SINCE the time of Peter the Great, Russia has been a force in the world, both politically and culturally. It remains so today, despite the fact that many dismissed it after the fall of the Soviet Union.
Described by Winston Churchill as ‘a riddle, wrapped in a mystery, inside an enigma’, this is the Russia that Hillsdale College, an independent academic institution in the US, decided, in light of the Ukraine Russia war, to explore a year ago in a series of conference lectures. They remain relevant.
The first which we ran on Monday, Russia from 1696-1917: An Overview, is a veritable ‘history’ tour de force through Russia’s shifting borders, wars and alliances, by the American historian Sean McMeekin. You can find it here with my fuller introduction to the series. The second by Steve Kotkin, another American historian, academic and Stalin expert, entitled Russia from 1917-1991: An Overview, can be found here. The third on Tolstoy and Dostoevsky: Lessons from the Russian Classics, by the American literary critic and Slavist Gary Saul Morson, can be viewed here.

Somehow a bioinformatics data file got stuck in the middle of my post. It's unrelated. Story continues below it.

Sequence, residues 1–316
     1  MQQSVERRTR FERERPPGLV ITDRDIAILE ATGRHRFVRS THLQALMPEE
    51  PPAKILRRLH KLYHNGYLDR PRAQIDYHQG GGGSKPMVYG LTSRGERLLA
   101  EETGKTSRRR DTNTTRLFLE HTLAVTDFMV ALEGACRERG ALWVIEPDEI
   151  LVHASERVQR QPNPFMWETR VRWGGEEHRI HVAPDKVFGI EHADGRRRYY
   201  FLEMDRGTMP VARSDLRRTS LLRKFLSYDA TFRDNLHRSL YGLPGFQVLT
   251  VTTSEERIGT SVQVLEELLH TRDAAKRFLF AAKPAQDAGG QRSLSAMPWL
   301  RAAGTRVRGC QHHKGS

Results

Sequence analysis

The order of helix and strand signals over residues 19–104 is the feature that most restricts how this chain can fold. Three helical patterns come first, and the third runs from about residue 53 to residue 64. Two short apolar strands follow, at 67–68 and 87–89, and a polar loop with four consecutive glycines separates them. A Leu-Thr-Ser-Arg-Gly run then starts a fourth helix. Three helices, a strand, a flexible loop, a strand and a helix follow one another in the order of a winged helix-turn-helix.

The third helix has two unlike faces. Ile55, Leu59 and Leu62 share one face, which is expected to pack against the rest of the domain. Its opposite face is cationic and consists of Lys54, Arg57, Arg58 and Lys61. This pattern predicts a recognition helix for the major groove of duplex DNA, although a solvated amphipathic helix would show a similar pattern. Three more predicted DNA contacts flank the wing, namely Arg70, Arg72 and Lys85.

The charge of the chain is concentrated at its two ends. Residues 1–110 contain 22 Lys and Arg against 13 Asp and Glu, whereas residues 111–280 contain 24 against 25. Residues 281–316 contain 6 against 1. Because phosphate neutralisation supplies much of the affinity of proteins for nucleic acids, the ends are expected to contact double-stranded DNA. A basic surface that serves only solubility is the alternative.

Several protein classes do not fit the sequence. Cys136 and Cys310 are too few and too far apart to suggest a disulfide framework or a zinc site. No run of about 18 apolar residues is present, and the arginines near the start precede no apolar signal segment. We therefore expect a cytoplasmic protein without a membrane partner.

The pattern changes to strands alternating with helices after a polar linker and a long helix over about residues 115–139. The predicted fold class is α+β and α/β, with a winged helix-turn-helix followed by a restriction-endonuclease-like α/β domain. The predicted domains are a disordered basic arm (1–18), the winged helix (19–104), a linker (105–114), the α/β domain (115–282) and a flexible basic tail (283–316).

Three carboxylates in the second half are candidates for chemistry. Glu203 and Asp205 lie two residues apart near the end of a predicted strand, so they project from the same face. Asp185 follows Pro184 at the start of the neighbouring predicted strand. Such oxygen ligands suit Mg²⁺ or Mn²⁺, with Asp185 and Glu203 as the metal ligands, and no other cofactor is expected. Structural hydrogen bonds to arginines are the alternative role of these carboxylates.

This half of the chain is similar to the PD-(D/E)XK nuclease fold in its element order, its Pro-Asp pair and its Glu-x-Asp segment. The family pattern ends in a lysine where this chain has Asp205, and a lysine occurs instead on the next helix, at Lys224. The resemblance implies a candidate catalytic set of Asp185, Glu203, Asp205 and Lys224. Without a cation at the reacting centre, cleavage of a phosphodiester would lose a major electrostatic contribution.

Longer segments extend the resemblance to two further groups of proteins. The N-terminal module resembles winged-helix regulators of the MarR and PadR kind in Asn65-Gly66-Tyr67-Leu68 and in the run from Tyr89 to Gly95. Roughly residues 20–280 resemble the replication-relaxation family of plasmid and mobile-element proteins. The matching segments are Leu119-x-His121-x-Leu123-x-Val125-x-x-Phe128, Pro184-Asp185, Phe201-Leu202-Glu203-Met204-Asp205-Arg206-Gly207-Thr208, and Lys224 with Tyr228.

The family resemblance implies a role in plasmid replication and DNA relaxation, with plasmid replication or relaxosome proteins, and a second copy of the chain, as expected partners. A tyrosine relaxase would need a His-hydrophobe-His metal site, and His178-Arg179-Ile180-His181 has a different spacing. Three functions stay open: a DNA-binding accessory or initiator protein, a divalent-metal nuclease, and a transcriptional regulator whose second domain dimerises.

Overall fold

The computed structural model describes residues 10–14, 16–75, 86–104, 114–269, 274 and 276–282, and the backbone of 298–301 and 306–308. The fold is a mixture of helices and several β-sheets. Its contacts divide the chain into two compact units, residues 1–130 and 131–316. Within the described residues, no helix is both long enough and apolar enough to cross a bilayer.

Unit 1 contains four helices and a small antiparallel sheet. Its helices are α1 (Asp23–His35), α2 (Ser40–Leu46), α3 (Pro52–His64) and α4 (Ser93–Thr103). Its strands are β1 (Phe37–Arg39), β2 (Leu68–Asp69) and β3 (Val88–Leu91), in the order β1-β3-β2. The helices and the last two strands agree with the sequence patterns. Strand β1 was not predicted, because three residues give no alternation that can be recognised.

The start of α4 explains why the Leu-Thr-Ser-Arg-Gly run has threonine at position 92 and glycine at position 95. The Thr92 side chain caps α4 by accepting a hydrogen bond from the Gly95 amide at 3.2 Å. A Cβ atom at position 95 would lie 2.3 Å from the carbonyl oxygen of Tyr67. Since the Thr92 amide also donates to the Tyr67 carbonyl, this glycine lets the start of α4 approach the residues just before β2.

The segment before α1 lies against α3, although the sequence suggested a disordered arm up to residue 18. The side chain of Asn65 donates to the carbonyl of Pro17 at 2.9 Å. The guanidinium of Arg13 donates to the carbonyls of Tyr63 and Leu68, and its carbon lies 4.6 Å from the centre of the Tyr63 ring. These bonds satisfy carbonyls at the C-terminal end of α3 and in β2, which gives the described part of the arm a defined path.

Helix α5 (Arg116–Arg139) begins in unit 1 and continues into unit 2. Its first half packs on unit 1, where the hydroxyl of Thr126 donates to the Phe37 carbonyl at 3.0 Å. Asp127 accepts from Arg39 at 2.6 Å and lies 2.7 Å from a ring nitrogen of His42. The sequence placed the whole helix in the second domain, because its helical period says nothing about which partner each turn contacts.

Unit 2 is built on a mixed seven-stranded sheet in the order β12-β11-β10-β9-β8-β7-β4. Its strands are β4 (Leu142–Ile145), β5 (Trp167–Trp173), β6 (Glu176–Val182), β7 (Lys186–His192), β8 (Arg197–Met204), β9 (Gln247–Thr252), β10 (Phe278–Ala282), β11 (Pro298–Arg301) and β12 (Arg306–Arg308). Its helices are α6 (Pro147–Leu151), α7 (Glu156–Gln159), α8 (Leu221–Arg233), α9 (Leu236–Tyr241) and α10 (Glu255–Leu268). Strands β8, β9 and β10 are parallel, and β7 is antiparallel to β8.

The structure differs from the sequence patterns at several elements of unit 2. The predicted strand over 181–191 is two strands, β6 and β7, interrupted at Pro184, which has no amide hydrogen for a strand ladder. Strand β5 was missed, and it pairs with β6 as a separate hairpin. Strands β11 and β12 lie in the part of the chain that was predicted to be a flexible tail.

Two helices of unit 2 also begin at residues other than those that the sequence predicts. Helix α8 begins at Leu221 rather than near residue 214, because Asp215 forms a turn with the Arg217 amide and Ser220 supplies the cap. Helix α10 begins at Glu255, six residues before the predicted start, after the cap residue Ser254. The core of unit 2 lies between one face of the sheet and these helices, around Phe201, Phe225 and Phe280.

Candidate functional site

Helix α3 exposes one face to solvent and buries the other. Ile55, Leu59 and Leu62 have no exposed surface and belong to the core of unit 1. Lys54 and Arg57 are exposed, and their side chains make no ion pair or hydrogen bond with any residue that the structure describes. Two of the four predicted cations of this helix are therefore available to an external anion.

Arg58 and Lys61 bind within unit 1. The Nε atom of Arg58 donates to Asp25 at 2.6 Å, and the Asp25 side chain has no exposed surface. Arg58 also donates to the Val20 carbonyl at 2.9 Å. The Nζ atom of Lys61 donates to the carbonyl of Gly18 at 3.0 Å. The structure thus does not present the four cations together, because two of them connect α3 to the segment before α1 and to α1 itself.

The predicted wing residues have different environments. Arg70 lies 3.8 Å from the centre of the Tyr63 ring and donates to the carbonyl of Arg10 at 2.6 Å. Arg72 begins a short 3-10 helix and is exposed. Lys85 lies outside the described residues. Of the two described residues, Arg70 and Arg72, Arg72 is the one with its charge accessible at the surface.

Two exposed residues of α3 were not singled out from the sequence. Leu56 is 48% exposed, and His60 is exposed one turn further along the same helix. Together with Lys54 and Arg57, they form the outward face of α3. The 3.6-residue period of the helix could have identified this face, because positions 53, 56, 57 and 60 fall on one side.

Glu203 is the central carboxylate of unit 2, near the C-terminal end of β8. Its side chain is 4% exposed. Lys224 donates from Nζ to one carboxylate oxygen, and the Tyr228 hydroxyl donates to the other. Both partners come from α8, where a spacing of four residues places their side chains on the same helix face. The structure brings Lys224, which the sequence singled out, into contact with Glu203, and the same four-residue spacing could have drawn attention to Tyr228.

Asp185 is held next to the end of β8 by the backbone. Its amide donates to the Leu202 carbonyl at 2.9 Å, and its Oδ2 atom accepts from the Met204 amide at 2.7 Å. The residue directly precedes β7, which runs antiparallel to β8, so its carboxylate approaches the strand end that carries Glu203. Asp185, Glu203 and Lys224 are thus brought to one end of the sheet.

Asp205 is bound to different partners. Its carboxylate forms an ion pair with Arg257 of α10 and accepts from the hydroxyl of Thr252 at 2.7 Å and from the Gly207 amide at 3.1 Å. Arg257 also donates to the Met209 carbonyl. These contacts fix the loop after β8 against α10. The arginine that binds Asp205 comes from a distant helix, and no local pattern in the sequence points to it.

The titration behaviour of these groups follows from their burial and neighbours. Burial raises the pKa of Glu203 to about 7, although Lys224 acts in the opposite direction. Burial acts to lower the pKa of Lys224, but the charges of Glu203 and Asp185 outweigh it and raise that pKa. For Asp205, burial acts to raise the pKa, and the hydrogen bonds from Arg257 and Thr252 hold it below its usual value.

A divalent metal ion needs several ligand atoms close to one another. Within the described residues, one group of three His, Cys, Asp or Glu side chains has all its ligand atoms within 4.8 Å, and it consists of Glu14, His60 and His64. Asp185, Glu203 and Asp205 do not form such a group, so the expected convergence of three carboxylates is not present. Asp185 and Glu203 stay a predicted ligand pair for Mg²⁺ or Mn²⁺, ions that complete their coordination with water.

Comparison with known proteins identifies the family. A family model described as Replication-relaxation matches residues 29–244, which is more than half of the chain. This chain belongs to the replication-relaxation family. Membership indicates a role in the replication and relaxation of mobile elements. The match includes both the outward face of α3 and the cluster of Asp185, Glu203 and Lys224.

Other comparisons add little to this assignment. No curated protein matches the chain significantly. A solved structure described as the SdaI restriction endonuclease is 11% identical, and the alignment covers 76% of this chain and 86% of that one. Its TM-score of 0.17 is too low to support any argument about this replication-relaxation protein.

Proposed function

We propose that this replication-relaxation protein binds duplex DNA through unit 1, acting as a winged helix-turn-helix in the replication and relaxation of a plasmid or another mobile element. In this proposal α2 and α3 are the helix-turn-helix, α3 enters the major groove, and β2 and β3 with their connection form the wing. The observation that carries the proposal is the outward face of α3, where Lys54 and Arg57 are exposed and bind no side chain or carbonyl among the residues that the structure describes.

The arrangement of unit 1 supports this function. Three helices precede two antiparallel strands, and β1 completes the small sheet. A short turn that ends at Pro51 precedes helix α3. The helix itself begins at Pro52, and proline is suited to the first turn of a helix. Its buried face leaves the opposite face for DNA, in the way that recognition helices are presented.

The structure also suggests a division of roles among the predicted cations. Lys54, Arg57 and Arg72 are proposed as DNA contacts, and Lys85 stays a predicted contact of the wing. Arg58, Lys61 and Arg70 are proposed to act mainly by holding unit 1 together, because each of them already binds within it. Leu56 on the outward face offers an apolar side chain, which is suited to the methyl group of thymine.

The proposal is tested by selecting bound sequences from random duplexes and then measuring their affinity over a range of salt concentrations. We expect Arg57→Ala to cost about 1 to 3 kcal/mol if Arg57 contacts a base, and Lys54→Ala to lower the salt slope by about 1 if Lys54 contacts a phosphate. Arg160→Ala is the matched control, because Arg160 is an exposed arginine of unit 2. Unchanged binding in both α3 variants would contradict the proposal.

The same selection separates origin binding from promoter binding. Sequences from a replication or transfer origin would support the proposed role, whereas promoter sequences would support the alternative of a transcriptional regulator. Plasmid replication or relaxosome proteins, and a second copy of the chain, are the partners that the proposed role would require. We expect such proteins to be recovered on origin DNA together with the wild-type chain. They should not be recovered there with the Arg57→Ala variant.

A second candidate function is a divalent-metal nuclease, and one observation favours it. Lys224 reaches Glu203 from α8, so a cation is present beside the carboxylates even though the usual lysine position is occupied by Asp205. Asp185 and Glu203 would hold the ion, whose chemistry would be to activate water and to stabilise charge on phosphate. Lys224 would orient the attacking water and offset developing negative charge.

We are grateful to Hillsdale College for making this series freely available to the wider public. You can access the entire series on their website here.
Today’s, the fourth in the series, entitled Tchaikovsky and Rachmaninoff: Creating a Russian Identity in Music explores yet another paradox: how is it that this country ‘that has been our bitter adversary produced the two composers who are the most beloved on our concert stages’? Readers will be aware that one tragedy of the war has been the senseless and bigoted cancellation of Russian composers and music that’s made the lives of even anti-Putin Russian artists impossible. The American concert pianist Dr Hyperion Knight does much to put this right in his lecture. You can watch and listen to some wonderful romantic piano playing too. Enjoy! It’s all here:
Or link to his lecture to see it here.